Mumford recited the Gettysburg Address, which President Abraham Lincoln delivered during the dedication of the Gettysburg Civil War Cemetery on Nov. 19, 1863, and “In Flanders Field,” a poem penned by Lt. Col. John McCrae during World War I that speaks to the duty of the living to carry on the fight and honor the sacrifice of those who gave their lives.

He asked all veterans in attendance to step out into the street to be recognized, and gave a special shout-out to Air Force veteran Milton Uzelac, 95, who was a fighter pilot during the Korean War.

Now living in Tampa, Florida, Uzelac visits his daughter in Chestertown every Memorial Day.

In her remarks, Barbara Johnson-Takano talked about growing up in Chestertown as the second youngest of five siblings. She attended local public schools, beginning when schools were still segregated, and graduated from Kent County High School in 1973.

She served 23 years in the Army, retiring in 1997 as a master sergeant and holding a supervisory position in cardiac catheterization.

Johnson-Takano, who is a Black woman, said she faced discrimination in school and in the military — and she persevered.

She concluded her remarks with a recitation of Psalm 46, which begins with the verse, “God is our refuge and strength, a very present help in trouble.”

The parade kicked off under gray skies and a sprinkling of rain. A few umbrellas popped open while Mumford, Shoge and Johnson-Takano spoke. 

As the rain became steady, everyone was able to take cover under the canopy of trees in the adjacent Monument Park for the culminating activity.

Joan Andersen, librarian of the Historical Society of Kent County, narrated the “walking tour” as potted red geraniums were placed at monuments for the “patriots of Kent County who risked their lives and fortunes for freedom during the American Revolution” all the way up to those who served in Desert Storm  (1990-91). 

The last two monuments to be erected pay homage to veterans who for too long were overlooked, the “Colored Troops” who fought for the North in the Civil War and the five local soldiers who were killed in action in the protracted conflict in Southeast Asia.

The largest monument, situated squarely in the center of the park in downtown Chestertown and within view of the county courthouse, is dedicated to Civil War veterans — one side dedicated to the Confederacy and the other to the Union.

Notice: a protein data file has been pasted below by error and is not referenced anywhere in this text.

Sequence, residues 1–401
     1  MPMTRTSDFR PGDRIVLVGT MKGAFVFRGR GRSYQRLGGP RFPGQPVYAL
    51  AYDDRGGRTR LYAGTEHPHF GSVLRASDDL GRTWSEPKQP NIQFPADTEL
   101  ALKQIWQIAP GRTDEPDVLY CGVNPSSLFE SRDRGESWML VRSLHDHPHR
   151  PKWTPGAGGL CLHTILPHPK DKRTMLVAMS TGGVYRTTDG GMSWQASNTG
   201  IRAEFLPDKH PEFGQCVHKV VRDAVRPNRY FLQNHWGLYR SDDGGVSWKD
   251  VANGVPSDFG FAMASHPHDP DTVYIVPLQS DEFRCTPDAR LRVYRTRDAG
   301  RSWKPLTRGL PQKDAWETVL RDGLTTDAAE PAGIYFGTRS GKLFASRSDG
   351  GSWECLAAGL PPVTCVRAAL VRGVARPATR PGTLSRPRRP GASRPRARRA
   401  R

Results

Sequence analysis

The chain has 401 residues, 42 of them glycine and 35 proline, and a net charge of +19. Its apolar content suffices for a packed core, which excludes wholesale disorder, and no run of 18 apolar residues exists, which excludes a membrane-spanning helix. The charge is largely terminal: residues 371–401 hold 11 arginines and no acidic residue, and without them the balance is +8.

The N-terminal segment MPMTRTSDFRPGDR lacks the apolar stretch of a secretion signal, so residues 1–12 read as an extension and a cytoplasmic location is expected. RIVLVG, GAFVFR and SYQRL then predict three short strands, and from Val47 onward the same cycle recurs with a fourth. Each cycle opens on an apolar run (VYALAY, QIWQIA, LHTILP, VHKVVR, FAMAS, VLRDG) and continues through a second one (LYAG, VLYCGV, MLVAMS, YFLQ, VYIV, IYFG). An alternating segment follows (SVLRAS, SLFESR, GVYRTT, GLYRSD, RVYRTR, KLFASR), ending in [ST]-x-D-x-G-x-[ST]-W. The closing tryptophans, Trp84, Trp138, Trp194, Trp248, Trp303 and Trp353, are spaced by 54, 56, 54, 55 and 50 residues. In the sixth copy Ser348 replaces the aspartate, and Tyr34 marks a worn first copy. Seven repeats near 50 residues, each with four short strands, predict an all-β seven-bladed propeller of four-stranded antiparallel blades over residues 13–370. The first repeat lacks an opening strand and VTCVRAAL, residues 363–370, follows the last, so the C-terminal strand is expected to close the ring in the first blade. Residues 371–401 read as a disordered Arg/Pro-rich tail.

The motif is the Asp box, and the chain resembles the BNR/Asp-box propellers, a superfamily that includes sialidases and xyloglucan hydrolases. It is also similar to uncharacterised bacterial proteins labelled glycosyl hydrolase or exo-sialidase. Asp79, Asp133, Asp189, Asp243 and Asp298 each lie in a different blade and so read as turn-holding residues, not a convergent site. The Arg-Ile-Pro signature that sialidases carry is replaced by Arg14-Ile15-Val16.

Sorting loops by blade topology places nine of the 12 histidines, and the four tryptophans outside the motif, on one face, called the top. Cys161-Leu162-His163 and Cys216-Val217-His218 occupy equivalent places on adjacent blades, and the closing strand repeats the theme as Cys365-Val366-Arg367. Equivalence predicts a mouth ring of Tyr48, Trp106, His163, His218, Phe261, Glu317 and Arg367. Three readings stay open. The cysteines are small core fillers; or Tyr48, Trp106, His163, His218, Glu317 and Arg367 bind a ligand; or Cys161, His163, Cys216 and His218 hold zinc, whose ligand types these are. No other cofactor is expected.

It was erected in June 1917 by Judge James A. Pearce “in commemoration of the patriotism and valor of a once divided but now reunited country … Under the sod the Blue and the Gray waiting alike the judgement day.”

The verse is the same on each side of the monument, with one side listing 37 names of Confederate soldiers and the Union side listing 22 names and denoting an additional 130 privates who served in blue.

They are all white men.

Eighty years later, in April of 1997, a monument to African Americans from Kent County who served in the Civil War was erected under the sponsorship of Parker White American Legion Post 143. The inscription on the obelisk reads: “In Memory of the African-American Soldiers and Sailors who fought for their Freedom and the Preservation of the Union 1861-1865.”

Kent County’s servicemen who were mortally wounded in Vietnam were honored on Memorial Day 2018 at the conclusion of a tribute that began with the traditional parade down High Street.

A bronze plaque at the base of the four-sided monument — which honors veterans of World Wars I and II, the Korean War and the Vietnam War — lists the names of Kent’s five fallen Vietnam veterans. They served in the military at a time when it was unpopular to do so.

Unlike soldiers and sailors who served in previous wars, those of the Vietnam era did not receive a hero’s welcome when they returned home.